You get to vote now if you vote by absentee ballot or take advantage of an early voting facility provided by the OC Registrar of Voters. Or you can be a traditionalist and vote on Tuesday at your local polling place.
If you live in the OC and need help finding your polling place, go to the Registrar’s website at https://www.ocvote.com/voting/voting-in-orange-county/.
For my complete all-inclusive voter guide, go to MOORLACH CAMPAIGN UPDATE — All-Inclusive Voter Guide — October 24, 2018. It also has links to the focused voter guides that I’ve provided over the past few weeks.
The first piece below is a segment of an interview of the three candidates in one district in the city of Costa Mesa that can be found on the electronic version of the OC Register. It deals with the subject matter of my recent unfunded actuarial accrued liability percentage UPDATE (see MOORLACH UPDATE — Trick or Treat? — October 26, 2018). Also, if you go to my Senate website, you’ll find verification of the support claim of my SCA 10 that was made (see https://moorlach.cssrc.us/content/senate-constitutional-amendment-10-pension-transparency).
The second piece is from the Inland Valley Daily Bulletin, which has a letter to the editor in support of a “Yes” vote on Proposition 6. A “Yes” vote repeals the gas tax foisted on Californians last year by two-thirds of the legislature, excluding yours truly.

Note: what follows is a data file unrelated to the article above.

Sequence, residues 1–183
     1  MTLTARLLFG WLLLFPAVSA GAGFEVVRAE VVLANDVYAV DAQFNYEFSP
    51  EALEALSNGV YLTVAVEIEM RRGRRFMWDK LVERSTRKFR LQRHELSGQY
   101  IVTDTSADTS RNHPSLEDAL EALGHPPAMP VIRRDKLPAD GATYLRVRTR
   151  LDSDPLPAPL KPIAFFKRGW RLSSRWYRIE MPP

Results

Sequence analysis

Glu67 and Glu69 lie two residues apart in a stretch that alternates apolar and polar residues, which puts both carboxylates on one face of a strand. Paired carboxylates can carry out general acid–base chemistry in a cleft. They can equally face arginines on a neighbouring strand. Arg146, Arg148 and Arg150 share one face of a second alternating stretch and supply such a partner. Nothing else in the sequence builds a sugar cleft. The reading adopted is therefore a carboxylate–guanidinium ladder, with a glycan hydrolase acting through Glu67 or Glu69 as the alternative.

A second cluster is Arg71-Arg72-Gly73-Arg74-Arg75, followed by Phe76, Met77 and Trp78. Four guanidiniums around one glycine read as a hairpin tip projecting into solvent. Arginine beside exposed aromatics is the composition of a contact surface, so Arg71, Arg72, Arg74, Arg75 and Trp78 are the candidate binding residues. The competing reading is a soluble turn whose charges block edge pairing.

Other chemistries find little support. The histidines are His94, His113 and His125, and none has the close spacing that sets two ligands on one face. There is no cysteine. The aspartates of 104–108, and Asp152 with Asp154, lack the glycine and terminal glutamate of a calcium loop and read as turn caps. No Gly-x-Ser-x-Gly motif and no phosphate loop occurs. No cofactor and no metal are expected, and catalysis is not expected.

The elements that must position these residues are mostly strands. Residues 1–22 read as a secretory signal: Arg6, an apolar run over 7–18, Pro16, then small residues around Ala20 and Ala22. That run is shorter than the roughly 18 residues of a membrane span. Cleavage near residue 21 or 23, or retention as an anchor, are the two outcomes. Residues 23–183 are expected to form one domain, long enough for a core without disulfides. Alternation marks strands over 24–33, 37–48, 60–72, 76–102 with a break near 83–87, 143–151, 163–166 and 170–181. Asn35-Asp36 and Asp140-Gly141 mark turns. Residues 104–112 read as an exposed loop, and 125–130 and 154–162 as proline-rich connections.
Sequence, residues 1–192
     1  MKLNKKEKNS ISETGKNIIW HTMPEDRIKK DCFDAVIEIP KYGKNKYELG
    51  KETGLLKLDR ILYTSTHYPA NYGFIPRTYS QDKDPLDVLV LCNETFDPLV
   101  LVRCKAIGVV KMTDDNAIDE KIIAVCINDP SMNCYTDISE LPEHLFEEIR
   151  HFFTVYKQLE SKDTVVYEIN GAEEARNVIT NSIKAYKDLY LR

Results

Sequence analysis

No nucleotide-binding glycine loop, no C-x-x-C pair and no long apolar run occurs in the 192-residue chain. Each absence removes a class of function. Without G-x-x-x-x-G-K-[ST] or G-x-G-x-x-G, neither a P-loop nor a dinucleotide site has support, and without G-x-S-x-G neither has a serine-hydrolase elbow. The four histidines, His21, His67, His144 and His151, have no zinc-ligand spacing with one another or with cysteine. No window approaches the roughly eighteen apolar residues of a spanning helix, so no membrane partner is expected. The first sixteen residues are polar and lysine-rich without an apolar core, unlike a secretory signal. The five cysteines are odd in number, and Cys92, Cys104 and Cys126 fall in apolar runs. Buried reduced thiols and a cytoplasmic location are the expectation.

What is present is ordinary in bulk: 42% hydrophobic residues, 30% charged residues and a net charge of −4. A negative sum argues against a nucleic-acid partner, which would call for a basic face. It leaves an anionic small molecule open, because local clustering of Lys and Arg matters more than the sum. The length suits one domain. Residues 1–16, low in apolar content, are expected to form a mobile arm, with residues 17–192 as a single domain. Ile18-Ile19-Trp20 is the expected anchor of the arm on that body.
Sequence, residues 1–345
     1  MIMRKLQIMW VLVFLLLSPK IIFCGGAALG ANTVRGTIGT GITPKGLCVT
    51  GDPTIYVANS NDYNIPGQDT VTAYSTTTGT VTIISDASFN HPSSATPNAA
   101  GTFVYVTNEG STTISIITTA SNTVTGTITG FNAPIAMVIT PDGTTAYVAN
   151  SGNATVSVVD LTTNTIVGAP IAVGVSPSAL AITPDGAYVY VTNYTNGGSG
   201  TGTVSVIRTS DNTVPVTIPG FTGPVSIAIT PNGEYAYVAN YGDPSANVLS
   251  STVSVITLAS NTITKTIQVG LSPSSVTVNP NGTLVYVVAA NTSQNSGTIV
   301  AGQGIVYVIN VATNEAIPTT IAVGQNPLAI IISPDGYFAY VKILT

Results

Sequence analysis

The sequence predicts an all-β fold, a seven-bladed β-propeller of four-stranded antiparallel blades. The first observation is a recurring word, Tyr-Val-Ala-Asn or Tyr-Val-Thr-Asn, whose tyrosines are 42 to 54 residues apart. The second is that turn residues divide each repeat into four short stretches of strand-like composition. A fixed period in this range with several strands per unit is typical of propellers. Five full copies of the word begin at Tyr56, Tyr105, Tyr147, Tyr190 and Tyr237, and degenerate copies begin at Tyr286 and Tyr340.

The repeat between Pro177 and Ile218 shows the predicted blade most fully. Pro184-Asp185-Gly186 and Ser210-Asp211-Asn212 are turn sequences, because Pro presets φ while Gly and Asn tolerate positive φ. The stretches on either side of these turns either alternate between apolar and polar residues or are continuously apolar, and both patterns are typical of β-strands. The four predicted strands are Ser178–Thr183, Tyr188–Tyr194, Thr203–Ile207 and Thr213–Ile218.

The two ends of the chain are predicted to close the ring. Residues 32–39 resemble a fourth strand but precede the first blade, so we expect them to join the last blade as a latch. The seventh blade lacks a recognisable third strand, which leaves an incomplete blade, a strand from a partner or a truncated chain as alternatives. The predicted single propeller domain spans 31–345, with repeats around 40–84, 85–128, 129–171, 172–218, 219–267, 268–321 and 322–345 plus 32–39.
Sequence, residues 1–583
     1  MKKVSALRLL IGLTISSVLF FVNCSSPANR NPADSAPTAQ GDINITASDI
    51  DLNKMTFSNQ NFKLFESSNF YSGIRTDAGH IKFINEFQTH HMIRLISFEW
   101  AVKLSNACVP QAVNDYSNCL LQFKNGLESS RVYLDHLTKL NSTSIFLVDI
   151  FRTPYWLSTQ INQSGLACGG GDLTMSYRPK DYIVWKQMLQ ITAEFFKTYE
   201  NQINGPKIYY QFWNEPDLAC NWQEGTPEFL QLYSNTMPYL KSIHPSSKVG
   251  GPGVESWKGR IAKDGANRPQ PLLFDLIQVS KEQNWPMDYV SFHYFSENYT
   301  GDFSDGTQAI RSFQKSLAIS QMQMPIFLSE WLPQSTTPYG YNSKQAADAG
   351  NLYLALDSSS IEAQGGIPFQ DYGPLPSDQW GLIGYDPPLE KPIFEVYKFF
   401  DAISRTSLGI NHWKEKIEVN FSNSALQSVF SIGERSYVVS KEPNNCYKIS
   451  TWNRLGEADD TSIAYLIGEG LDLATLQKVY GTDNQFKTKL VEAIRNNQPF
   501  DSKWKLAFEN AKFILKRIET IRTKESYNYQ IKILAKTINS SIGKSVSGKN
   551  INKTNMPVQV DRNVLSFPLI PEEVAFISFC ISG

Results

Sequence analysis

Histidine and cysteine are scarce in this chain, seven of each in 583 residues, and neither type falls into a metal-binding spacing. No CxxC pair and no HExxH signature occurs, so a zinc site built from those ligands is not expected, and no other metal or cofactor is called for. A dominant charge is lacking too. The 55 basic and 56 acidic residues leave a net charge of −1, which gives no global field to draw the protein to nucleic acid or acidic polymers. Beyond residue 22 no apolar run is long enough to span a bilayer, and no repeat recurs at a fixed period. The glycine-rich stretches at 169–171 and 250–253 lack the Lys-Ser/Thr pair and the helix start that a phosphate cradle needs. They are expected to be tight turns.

California’s Department of Transportation needs serious managerial and fiscal reforms before vehicle owners provide it with more funding. The manipulation by the supporters of this gas and auto tax has been astounding. Starting projects and guilting you to continue them by your making the financial sacrifices that Sacramento is not willing to make itself. Again, it is nice to see that my office’s research on the efficiencies, or lack thereof, of Caltrans is being appreciated and referred to.
The third piece is an editorial submission in the Voice of OC on the OC District Attorney’s race, giving one side of the debate on this race. As I know both candidates, I am neutral and have not made an endorsement.
Election 2018: Costa Mesa City Council District 5 candidates share their priorities and thoughts on local issues
By STAFF REPORT
Question 4: Communities across the state are grappling with rising pension and other post-employment benefit costs. What do you think needs to be done to deal with this problem?